Depending on one’s perspective, the “how” part of writing is either self-evident or an endless mystery. I offer a few initial thoughts on the topic of “how to write.”
First is tools.
- Nowadays, most writers use a computer when writing. It is practical, allows for easy edits, and produces digital output for saving, sharing, or submitting.
- Some writers, who long ago honed their craft using a typewriter, persist in doing so today.
- Still others write longhand, either in a special notebook or tablet or alternately on any accessible piece of paper. Some prefer to use a pen; others, a pencil.
Second is mode. That may sound funny, but here is what I mean:
- Some carefully construct a sentence in their mind, marinating it and mulling it over until it is perfect. Then they write it. It is done.
- Others write whatever comes to mind as quickly as possible; it is a “stream of consciousness,” a random free-flow of ideas and words. Editing and fine-tuning will happen later.
- These are extreme examples, but most writers gravitate towards one or the other. The point is to do what seems natural and works – not what someone else does or says.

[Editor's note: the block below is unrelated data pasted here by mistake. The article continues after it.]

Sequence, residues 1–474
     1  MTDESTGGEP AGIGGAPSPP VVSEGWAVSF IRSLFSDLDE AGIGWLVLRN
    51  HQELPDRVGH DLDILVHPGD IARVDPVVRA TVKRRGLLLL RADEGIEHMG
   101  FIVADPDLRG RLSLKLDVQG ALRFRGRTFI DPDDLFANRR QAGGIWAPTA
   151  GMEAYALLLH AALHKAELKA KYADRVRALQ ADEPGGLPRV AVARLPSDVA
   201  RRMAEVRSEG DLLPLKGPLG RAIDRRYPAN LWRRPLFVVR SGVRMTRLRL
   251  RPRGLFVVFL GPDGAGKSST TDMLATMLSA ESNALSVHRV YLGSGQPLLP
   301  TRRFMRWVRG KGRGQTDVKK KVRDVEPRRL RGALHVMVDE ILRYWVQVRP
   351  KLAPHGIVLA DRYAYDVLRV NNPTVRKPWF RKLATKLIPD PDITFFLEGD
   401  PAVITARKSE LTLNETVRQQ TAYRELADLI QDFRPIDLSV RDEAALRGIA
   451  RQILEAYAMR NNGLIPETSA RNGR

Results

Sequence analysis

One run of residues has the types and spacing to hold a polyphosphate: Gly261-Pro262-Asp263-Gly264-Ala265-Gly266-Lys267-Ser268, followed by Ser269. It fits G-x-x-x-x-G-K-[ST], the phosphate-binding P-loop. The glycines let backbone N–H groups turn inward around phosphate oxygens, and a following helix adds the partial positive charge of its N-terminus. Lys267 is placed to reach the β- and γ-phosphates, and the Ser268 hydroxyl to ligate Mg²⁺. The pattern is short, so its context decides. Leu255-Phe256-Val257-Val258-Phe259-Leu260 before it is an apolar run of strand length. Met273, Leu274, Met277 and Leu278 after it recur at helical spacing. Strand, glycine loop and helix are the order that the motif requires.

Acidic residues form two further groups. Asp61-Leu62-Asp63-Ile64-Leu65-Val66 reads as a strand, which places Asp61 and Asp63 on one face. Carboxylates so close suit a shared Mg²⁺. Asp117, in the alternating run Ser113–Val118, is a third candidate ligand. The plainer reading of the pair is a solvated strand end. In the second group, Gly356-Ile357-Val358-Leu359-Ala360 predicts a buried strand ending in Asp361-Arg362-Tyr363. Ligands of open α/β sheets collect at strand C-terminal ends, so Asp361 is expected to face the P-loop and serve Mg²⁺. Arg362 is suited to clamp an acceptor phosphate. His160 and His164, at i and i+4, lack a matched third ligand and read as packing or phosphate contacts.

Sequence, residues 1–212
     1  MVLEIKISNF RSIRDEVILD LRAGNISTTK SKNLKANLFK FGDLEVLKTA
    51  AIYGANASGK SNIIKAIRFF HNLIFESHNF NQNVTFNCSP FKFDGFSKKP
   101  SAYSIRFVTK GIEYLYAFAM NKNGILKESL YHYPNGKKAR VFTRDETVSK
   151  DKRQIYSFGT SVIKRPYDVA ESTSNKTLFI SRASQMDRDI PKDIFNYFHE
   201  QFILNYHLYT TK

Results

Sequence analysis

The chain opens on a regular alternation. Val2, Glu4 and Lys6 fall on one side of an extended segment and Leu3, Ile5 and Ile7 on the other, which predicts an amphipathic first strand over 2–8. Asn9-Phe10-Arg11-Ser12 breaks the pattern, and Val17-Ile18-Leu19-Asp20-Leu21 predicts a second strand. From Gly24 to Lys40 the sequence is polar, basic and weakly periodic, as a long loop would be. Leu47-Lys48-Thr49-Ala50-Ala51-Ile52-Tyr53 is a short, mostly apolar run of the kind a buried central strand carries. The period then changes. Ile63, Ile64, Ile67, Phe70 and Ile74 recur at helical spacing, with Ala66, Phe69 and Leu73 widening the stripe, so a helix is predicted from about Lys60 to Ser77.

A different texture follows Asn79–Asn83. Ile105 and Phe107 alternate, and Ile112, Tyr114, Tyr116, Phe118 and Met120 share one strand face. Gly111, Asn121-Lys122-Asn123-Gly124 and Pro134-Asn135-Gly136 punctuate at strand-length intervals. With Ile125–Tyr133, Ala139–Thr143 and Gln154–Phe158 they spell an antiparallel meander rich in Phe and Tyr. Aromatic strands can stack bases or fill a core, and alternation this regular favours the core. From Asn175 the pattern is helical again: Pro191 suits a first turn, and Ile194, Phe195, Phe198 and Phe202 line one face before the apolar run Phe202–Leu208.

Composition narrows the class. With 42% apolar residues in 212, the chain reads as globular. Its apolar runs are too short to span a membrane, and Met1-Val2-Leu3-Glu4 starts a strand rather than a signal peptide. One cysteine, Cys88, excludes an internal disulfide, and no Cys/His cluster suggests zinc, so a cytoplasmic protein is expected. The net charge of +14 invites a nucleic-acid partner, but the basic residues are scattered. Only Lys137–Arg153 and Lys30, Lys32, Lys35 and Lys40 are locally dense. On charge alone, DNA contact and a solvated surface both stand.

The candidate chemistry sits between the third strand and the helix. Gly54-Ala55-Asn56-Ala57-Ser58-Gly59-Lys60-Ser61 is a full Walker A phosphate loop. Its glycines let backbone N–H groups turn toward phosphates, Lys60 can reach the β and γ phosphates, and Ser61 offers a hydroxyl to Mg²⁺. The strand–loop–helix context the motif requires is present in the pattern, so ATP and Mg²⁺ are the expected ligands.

Third is process. Here are some examples:
- Some sit in front of a blank computer screen (or sheet of paper) until they know what to write. If you’ve ever read (or wrote) a piece that starts out, “As I sit down to write…” you know what I mean.
- Others contemplate ideas and concepts as they go about their daily life. The topic gels in their mind and when they begin to write, they are good to go.
- Still others await inspiration. Once it hits, they begin writing immediately. Often they will intentionally engage in a mindless activity such as going for a walk or washing the dishes to spur inspiration.
(For me, my tool is a computer; my mode is to edit as I write; and my process is to mull over ideas first and then to write. This is my typical approach. However, at one time or another, I have used each item mentioned.)